I don’t like the fact that I have a bed again. I don’t like that we now have couches and a television and a DVD player with surround sound. I remember back to how liberating it was to let go and realize that we could survive without all these things and yet here we are on the other side of the world and we’ve managed to accumulate the same crap that we don’t need. Don’t get me wrong. I’m not complaining about the fact that we are currently living in a fully furnished, two-bedroom apartment instead of the back of a campervan. It’s just that ever since we decided to spend three months of our trip in a live-in position at a posh restaurant in the tiny Scottish town of South Queensferry, I’ve felt myself becoming softer. Becoming too reliant on things that we are soon going to leave behind again. I find myself taking our washing machine for granted and enjoying daily hot showers a bit too much when in a few weeks we will be showering out of a small plastic bag heated in the sun and washing our clothes in a small bucket full of soapy water. Not too long ago we were used to this lifestyle and loving it but now it’s been so long that we will have to go through that annoying period of adjustment again before we reach the same level of emancipation that we had already achieved after our first fortnight of traveling.

It’s been blatantly obvious that all three of us have all been decidedly restless here. The first two months of our trip were the epitome of freedom. No plans, no rules, no curfews, no careers. Basically, no routine whatsoever. That was until we realised we had no money. It was time to put the “holiday” part of our working/holiday visas on hiatus and earn ourselves enough cold-hard cash to continue our adventure through the rest of Europe. So now we work 13 hour days, five days a week. Now we have a uniform and a roster and staff meetings to discuss how to keep the wine cellar tidy. Now we have pedantic rules on what angle the salt shakers must be set on the tables. Now we have a customer is always right policy and have to resist the temptation to tell annoying customers to go and *$%# themselves. Now we are sleep deprived because we finish work at three thirty in the morning and have to do a breakfast shift the next day. Now we have dejavu and it feels just like we are back home and nothing has changed. It’s hard to keep spirits high when you’re so busy that you’re not even aware that your on a holiday. Were in Scotland but for all we know we could be back in Colac. All we see is work and our apartment. And any spare time we do get goes into working on our TV show, so as you can imagine, it’s quite draining. I can see that it’s starting to get to us all. When we’re really tired at work, we all walk around on a short fuse and the smallest things will set us off. I’ll be behind the bar and if Lee doesn’t say please when he asks me to make him a staff drink I’ll secretly crack the shits and before I know it, I’m angry for the rest of the day over nothing. It only takes one obnoxious customer or one manager telling us to do something were already doing and our day is ruined.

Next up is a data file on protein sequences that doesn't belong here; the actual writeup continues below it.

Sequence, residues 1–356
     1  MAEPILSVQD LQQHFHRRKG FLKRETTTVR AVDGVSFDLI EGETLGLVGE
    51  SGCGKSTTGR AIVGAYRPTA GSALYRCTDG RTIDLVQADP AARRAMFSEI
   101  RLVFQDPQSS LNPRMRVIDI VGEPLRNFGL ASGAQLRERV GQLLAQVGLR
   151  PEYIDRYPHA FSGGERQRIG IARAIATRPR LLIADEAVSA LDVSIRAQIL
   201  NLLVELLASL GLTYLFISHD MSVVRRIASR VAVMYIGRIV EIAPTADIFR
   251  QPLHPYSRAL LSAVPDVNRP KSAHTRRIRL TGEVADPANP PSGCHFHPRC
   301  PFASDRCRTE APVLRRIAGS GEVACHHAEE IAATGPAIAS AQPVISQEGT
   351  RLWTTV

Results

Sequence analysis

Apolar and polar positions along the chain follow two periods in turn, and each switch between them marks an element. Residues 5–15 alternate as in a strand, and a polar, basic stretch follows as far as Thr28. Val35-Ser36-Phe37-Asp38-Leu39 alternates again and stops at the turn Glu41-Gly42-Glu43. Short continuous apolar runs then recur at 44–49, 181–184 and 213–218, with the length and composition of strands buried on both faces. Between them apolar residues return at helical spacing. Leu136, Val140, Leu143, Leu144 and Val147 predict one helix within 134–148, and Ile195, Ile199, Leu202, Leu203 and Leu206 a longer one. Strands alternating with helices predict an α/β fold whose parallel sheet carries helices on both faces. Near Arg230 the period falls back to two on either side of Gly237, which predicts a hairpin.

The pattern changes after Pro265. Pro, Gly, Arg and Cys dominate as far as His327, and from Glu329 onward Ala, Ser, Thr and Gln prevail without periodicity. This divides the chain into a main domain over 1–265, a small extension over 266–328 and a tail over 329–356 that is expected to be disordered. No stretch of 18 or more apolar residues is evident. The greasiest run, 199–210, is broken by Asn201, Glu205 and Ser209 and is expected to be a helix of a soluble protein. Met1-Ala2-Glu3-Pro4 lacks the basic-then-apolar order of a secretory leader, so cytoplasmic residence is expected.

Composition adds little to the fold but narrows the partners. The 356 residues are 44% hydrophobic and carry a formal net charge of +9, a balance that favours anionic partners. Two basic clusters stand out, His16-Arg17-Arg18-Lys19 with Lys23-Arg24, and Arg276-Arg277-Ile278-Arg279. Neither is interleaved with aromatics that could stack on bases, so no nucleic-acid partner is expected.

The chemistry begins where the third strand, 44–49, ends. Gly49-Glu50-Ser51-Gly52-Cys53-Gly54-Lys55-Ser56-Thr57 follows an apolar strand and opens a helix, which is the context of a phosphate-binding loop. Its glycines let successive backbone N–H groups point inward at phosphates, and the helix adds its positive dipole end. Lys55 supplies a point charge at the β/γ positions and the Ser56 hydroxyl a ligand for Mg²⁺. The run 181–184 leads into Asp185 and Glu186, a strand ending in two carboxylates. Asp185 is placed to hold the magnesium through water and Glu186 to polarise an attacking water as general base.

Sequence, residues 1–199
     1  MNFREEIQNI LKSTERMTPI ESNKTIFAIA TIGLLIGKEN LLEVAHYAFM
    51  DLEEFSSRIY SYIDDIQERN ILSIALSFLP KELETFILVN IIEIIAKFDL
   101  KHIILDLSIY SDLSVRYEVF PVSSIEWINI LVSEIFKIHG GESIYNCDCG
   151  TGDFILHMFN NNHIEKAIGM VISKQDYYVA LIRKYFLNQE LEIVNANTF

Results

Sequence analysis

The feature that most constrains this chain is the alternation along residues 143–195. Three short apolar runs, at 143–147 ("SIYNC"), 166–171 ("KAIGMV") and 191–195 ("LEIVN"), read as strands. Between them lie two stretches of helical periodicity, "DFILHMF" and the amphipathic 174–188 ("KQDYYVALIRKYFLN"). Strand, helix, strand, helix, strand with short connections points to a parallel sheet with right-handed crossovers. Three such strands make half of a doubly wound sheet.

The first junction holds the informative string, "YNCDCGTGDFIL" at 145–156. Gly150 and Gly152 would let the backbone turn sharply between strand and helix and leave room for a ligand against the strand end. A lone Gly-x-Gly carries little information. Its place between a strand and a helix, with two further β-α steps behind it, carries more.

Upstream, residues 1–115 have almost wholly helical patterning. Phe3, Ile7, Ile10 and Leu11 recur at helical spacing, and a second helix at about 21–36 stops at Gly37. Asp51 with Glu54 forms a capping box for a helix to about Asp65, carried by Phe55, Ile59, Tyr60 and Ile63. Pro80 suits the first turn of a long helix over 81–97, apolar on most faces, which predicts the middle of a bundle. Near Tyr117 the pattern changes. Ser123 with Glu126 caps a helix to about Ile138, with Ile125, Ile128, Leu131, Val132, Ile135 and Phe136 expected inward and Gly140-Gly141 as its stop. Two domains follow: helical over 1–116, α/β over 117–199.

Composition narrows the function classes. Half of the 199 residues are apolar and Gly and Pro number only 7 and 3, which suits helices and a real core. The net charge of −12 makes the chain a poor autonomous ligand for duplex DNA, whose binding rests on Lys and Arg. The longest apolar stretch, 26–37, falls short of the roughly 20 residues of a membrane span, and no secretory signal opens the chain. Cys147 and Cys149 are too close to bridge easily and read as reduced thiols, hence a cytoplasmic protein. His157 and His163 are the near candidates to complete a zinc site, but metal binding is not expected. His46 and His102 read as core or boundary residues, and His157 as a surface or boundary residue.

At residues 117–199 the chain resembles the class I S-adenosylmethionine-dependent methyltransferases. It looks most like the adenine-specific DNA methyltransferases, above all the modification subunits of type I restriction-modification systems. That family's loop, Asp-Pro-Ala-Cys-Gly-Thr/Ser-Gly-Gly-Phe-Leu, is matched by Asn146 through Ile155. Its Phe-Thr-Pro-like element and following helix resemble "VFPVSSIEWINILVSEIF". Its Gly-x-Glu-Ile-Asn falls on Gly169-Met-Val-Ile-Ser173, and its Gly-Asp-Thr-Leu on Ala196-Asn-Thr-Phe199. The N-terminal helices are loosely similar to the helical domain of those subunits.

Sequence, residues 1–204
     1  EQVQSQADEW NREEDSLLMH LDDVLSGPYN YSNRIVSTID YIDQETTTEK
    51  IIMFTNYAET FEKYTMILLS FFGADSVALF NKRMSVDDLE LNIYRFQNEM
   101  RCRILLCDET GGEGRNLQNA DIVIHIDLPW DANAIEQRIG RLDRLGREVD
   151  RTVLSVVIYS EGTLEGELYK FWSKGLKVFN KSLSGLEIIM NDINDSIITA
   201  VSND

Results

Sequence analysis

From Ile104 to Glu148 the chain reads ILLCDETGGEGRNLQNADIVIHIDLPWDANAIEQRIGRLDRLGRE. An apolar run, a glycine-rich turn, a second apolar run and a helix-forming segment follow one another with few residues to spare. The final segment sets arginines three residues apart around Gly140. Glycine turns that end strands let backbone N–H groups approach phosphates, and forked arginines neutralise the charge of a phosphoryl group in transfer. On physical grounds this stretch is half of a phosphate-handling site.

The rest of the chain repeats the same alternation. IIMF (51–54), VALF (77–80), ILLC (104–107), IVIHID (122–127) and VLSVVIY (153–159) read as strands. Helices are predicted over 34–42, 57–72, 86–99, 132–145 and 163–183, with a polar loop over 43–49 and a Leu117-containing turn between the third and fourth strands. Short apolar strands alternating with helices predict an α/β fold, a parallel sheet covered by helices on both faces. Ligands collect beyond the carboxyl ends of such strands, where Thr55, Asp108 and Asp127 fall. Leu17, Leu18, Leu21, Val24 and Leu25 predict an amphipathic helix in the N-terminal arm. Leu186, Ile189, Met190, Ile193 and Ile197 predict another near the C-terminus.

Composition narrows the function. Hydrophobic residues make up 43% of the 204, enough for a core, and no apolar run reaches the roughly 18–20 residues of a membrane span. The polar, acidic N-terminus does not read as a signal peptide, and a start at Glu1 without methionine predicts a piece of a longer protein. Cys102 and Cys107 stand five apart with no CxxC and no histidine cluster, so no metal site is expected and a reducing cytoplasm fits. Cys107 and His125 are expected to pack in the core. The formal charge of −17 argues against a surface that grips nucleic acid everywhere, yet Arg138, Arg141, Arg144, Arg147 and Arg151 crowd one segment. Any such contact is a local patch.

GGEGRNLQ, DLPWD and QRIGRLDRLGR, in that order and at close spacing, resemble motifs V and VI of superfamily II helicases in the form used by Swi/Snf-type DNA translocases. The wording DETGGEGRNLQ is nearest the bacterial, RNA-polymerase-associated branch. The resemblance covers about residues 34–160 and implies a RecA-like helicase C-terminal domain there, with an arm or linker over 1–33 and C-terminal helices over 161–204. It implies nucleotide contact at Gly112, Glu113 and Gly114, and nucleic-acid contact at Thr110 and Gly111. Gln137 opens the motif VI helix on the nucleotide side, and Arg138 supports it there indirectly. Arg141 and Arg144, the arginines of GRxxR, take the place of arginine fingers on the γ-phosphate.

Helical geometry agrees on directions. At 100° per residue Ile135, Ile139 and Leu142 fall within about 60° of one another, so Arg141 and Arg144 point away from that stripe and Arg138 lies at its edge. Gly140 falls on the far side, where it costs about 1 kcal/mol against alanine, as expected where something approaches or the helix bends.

We’ve been working here for longer than we spent traveling through England and Ireland combined so we’re all getting antsy to get back on the road. But there is a light at the end of the tunnel. We’ve managed to accumulate a decent wad of cash, even on our minimum wage £4.50 an hour salary, so in a couple of weeks we will have enough money to move on. Soon we will be in Spain for the running of the bulls festival. Before we know it we will have handed in our corkscrews and uniforms and we will be running down the cobblestone streets of Pamplona, getting chased by hordes of angry bulls hell bent on goring as many people as they can.

Maybe we would be better off sticking around here for a little bit longer.